Learn more about exercises to help prevent shoulder injuries.

    Learn more about exercises to help prevent knee injuries.

    Learn more about exercises to help prevent ankle injuries.

    For more exercises, visit http://fittoplay.org/.

    Sport Injury Prevention Research Centre Neuromuscular Training
    The Sport Injury Prevention Research Centre has developed a neuromuscular training warm-up program that can be adapted to many sports. Encouraging players, their parents, coaches, and officials to include a well-rounded training program into their warm-up at least two times per week has been associated with a significant reduction in lower body injuries.

    Click here to view poster.

    Managing Concussion

    Concussions in dodgeball can occur from being hit with a ball or colliding with another player. It is important to be aware of concussion signs and symptoms and know what to do if concussion is suspected. The Concussion Awareness Training Tool (CATT) is an online resource to learn more about how to recognize, prevent, and manage a concussion. CATT also includes resources on how to respond to a potential concussion situation, as well as detailed Return to School and Return to Sport protocol.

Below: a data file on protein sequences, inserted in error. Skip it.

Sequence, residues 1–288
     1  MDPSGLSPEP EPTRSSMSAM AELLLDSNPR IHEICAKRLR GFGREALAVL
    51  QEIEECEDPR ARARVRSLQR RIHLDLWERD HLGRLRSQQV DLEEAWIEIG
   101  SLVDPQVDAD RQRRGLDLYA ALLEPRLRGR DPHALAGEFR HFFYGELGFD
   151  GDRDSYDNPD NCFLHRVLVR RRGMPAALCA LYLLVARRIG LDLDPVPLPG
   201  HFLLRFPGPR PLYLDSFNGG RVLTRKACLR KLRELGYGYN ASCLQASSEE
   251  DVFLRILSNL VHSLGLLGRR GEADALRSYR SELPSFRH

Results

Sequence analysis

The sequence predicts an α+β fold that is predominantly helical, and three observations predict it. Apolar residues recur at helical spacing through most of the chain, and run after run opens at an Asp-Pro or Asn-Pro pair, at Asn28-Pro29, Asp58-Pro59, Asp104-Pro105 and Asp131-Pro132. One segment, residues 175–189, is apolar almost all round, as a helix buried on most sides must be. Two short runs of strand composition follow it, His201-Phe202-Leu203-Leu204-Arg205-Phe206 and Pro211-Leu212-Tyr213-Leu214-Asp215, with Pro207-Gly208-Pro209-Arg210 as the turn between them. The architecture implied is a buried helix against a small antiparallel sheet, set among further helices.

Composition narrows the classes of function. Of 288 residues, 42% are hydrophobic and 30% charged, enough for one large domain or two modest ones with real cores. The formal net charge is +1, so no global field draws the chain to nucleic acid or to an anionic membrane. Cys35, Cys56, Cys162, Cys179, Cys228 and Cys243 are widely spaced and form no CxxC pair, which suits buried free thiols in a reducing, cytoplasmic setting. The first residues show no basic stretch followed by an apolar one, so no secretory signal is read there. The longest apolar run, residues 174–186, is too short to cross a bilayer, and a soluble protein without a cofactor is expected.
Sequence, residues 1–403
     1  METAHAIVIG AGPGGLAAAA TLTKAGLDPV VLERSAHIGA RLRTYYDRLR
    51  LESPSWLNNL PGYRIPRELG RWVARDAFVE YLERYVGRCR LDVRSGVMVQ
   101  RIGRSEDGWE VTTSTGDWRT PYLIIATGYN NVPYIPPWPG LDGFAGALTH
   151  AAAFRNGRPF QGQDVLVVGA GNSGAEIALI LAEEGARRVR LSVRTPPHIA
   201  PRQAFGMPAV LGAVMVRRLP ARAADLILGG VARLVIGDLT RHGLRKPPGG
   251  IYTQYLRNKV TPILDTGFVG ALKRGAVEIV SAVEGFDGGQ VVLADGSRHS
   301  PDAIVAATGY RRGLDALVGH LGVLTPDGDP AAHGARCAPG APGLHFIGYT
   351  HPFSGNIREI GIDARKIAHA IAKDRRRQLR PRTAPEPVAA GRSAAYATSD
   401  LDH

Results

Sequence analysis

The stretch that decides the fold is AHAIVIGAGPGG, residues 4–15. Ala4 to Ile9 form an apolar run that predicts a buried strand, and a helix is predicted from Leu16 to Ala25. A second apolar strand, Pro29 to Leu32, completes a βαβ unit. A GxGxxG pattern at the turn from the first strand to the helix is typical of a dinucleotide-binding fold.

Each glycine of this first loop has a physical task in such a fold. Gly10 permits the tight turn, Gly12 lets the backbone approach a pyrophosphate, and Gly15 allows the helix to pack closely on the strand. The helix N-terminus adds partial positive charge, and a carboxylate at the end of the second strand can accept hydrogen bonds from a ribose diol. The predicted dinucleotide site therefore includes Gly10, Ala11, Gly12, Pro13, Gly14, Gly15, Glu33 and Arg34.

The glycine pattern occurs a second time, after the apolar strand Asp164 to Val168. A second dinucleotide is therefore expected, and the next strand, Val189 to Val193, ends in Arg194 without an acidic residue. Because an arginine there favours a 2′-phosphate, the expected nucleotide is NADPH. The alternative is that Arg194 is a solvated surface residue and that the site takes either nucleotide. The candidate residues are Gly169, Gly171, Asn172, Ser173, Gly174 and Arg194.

Other Considerations (about this section)

    Facilities
    The Ontario Physical Education Association (OPHEA) provides recommendations for safely on implementing dodgeball in elementary schools.

    Learn more about implementing dodgeball in your school.

    Sport-related Physicals